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Tens of thousands pour into streets, protest deal between PM, junta in Sudan

US Rep. Ilhan Omar (D-MN) (L) talks with Speaker of the House Nancy Pelosi (D-CA) during a rally with fellow Democrats before voting on H.R. 1, or the People Act, on the East Steps of the US Capitol on March 08, 2019 in Washington, DC. (AFP photo)
Sudanese protesters gather in Port Sudan in the country's northeast along the Red Sea, on November 25, 2021. (Photo by AFP)

Tens of thousands of people have rallied again across Sudan to protest a deal between military leaders and Prime Minister Abdalla Hamdok, who was deposed for several weeks in a military coup last month.

Protest rallies were held Thursday in capital Khartoum and other cities, including the capital’s twin city Omdurman, with demonstrators chanting “the people want the downfall of the regime” and "the army back to the barracks!”

They also called for justice for “martyrs” killed in earlier demonstrations.

Security forces fired tear gas canisters to disperse large crowds of protesters in Khartoum, Omdurman, the central state of North Kordofan, and in North Darfur, witnesses said.

More than two years ago, massive anti-government demonstrations, mostly over deteriorating economic problems, hit Sudan where protesters, mostly the youth, demanded the resignation of then president Omar al-Bashir.

Bashir was ultimately deposed through a military coup following months of protests in April 2019, after ruling over the country for three decades. In August the same year, a governing council comprised of civilian and military leaders was founded to run the country.

The transitional civilian-military administration, Sudan’s highest executive authority, is tasked with leading the country to free and fair multiparty elections.

Sudan's military chief and de facto leader General Abdel Fattah al-Burhan staged a coup on October 25 and dissolved the fragile government.

He also detained Hamdok and put him under arrest in a move that infuriated the Sudanese and sparked international outcry, including from the UN Security Council. Other civilian leaders were also held in military detention.

On Sunday, the junta and Hamdok signed a deal, according to which he would continue his career as Sudan’s prime minister, all political prisoners detained during the coup would be released, and a 2019 constitutional declaration would be the basis for a political transition.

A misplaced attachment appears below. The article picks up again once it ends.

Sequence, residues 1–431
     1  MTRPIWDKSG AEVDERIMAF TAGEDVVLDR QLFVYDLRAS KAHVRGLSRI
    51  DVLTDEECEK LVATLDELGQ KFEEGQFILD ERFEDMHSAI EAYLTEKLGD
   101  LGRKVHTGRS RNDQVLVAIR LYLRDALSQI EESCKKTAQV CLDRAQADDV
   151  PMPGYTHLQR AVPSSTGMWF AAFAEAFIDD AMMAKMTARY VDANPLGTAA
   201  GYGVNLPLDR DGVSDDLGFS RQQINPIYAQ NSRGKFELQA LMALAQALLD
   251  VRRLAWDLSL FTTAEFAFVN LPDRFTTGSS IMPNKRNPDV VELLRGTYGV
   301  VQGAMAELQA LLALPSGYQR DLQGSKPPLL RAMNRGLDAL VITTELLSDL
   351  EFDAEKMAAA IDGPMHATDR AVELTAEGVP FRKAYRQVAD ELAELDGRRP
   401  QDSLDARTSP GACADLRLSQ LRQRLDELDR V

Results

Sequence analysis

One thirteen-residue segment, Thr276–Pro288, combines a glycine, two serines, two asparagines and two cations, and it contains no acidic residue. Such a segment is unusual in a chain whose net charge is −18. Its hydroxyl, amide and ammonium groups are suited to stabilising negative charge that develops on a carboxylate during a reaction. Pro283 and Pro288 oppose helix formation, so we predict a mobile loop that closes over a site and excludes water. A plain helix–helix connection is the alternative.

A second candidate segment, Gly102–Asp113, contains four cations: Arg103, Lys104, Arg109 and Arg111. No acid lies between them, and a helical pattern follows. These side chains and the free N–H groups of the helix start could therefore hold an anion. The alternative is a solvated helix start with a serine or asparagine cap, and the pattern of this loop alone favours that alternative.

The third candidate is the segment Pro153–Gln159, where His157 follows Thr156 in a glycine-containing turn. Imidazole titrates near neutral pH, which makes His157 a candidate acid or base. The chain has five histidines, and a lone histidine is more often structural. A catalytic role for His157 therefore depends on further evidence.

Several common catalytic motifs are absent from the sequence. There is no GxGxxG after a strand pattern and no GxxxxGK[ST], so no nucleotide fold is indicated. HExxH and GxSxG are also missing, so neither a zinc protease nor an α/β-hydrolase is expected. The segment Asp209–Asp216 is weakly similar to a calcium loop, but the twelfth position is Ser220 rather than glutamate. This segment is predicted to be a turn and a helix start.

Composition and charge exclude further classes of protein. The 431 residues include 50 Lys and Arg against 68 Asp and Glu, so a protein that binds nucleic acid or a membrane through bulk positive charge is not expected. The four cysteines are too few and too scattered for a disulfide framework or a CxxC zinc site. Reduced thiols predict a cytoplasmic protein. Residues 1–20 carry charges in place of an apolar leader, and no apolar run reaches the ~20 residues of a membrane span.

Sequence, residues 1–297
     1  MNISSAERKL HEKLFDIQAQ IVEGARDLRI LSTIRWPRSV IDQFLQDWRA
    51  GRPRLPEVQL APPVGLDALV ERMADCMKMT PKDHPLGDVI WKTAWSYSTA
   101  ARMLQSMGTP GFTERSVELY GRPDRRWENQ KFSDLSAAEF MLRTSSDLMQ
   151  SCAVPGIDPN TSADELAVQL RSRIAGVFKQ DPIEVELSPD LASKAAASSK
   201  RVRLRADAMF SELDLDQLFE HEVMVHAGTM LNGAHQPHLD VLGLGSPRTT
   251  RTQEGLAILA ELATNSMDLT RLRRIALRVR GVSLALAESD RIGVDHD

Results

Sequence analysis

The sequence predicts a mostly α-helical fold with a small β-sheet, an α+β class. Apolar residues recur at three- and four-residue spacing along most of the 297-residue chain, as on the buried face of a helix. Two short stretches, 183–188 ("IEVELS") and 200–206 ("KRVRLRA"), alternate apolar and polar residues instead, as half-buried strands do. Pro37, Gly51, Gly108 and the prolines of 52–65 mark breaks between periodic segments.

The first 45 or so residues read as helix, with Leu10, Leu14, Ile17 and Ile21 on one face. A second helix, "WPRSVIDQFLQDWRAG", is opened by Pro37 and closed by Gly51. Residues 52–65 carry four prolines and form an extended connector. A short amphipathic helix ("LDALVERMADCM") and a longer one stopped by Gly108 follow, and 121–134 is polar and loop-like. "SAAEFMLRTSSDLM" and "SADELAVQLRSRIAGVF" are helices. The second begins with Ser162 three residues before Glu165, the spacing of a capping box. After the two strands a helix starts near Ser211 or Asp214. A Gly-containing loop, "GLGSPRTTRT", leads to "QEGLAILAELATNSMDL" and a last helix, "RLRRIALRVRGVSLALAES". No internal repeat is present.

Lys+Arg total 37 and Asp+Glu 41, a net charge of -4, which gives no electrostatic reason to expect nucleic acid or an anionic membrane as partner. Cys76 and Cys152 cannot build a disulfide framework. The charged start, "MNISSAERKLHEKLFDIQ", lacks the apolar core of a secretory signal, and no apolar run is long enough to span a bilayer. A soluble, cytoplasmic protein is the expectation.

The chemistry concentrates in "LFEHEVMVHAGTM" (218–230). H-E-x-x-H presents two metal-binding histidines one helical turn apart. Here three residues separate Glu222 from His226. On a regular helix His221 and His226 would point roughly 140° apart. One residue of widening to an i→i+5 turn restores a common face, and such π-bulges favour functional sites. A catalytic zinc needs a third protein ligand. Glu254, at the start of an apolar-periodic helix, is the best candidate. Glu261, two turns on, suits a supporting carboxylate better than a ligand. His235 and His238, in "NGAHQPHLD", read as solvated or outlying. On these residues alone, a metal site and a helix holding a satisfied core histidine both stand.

The prime minister, according to the deal, will lead a government of technocrats in the course of a political transition expected to last until elections slated for July 2023 and will share power with the military.

A number of civilian leaders, who were detained since the coup, were freed this week but key figures have still remain in detention.

Prominent political parties and the African nation’s powerful protest movement have opposed Hamdok’s deal with the military, with some branding it a betrayal. 

They stress that the army should play no role in politics, denouncing a violent crackdown on anti-military protests over the past month.

Protesters on Thursday closed a main road in the Sahafa neighborhood of Khartoum. Carrying Sudanese flags, they shouted “Burhan you won’t rule. Down with military rule.”

“I initially went out to protest to demand retribution for people killed after the coup, and now I am protesting against the Burhan-Hamdok deal,” one protester said in south Khartoum, stressing that the deal “blocks the way toward a full civilian rule.”

“We don't want the military to play a role in politics,” she added.

Organizers of the rallies had called Thursday as “Martyr’s day”, to pay tribute to the 42 people killed, according to medics, in the brutal crackdown against anti-coup protesters.

Hamdok claimed on Wednesday that he had shared power with the military only to “stop the bloodshed” and to “not squander the gains of the last two years.”

However, about 12 out of 17 ministers from Sudan’s main civilian bloc have called for a full civilian rule. These ministers, who were part of Hamdok’s cabinet before last month’s coup, stepped down on Monday in show of protest to the deal, saying it “legitimizes the coup regime.”

The United Nations, African Union, Western countries as well as Saudi Arabia and Egypt have already welcomed the accord.


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